Skip to main content
\(\newcommand{\Cs}{\mathbb{Cs}} \newcommand{\Cm}{\mathbb{C}^{m}} \newcommand{\Cmm}{\mathbb{C}^{m\times m}} \newcommand{\Cmn}{\mathbb{C}^{m\times n}} \newcommand{\R}{\mathbb{R}} \newcommand{\Rm}{\mathbb{R}^{m}} \newcommand{\Rn}{\mathbb{R}^{n}} \newcommand{\Rmm}{\mathbb{R}^{m\times m}} \DeclareMathOperator{\Range}{range} \DeclareMathOperator{\Rank}{rank} \DeclareMathOperator{\diag}{diag} \DeclareMathOperator{\Span}{span} \DeclareMathOperator{\range}{range} \DeclareMathOperator{\Null}{null} \newcommand{\definiteintegral}[4]{\int_{#1}^{#2}\,#3\,d#4} \newcommand{\indefiniteintegral}[2]{\int#1\,d#2} \graphicspath{ {images/} } \usepackage{amsmath} \newcommand{\lt}{<} \newcommand{\gt}{>} \newcommand{\amp}{&} \)

Section10Vector Norms (NM, 25 Sep)

Definition10.1Norm on \(\Cm\)

A function \(\| \cdot \|\) is called a norm on \(\Cm\) if, for all vectors \(x\) and \(y\) in \(\Cm\)

  1. \(\|x\| \geq 0\text{,}\) and \(\|x\|=0\) if and only if \(x=0\text{.}\)
  2. \(\|\lambda x\| = |\lambda| \| x\|\) for any scalar \(\lambda \in \Cs\text{.}\)
  3. \(\|x + y\| \leq \| x\| + \| y\|\) (triangle inequality).

The norm of a vector gives us some information about the “size” of the vector. But there are different ways of measuring the size: you could take the absolute value of the largest entry, you cold look at the “distance” for the origin, etc...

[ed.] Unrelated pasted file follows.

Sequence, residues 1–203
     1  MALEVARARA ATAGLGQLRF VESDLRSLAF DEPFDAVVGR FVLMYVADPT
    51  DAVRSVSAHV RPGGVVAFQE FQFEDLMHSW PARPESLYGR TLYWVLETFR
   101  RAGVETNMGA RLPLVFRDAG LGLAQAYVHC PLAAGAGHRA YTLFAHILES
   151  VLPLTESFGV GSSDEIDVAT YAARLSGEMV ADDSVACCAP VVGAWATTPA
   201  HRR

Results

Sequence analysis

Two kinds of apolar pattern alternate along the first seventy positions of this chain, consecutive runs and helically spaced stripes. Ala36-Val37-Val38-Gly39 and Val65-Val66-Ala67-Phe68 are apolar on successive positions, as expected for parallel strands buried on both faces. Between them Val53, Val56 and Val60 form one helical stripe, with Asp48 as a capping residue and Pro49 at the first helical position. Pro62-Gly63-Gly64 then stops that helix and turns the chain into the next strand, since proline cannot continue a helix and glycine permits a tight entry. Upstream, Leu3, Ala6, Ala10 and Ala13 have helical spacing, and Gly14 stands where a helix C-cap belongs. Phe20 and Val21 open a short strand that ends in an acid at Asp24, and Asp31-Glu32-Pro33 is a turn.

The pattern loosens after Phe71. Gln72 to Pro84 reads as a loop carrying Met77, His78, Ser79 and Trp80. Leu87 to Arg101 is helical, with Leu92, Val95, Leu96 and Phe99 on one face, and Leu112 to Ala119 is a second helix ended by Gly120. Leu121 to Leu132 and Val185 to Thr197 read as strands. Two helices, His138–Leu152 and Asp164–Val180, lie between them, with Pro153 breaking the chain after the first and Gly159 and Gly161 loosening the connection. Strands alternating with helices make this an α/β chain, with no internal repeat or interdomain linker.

For any \(p \lt 1\text{,}\) define

\begin{equation*} \|x\|_p = \big( \sum_{i=1}^m|x_i|^p\big)^{1/p}. \end{equation*}

Of particular importance are the norms

  1. The 1-norm (or “taxi-cab norm”): \(\|\vec x\|_1 = \sum_{i=1}^n |x_i|\text{.}\)
  2. The \(2\)-norm (a.k.a. the Euclidean norm): \(\|x\|_2 = \bigg(\sum_{i=1}^n |x_i|^2\bigg)^{1/2}.\) Note, if \(x \in \Cm \text{,}\) then \(x^\star x = \|x\|_2^2 \text{.}\)
  3. The \(\infty\)-norm (also known as the max-norm): \(\|\vec x\|_\infty = \max_{i=1}^n |x_i|\text{.}\)

It takes a little bit of effort to show that \(\| \cdot \|_2\) satisfies the triangle inequality. First we need the Cauchy-Schwarz inequality.

This can then be applied to show that

\begin{equation*} \| x + y \|_2 \leq \| x\|_2 + \|y\|_2. \end{equation*}

It follows directly that \(\| \cdot\|_2\) is a norm.



Define the function \(\| \cdot \|_{A,1} : \Cm \to \R\) as \(\|x\|_{A,1} = \|Ax\|_1\) where \(\|\cdot \|_1\) is the usual 1-norm (a.k.a. “the taxicab norm”) on \(\Cm\text{,}\) and \(A \in \Cmm\) is non-singular. Is it true that \(\|Ax\|_1\) is a norm on \(\Cm\text{?}\)


Show that the following inequalities hold for all vectors \(x \in \Cm\text{.}\) If possible, give a nontrivial example for which equality holds.

  1. \(\|x\|_\infty \leq \| x\|_2\)
  2. \(\|x\|_2 \leq \sqrt{m}\|x\|_\infty\)
  3. \(\|x\|_2 \leq \sqrt{\|x\|_1 \|x\|_\infty}\)
  4. \(\|x\|_\infty \leq \|x\|_2 \leq \|x\|_1\)

Which, if any, of these inequalities extend to the matrix norms induced by these vector norms?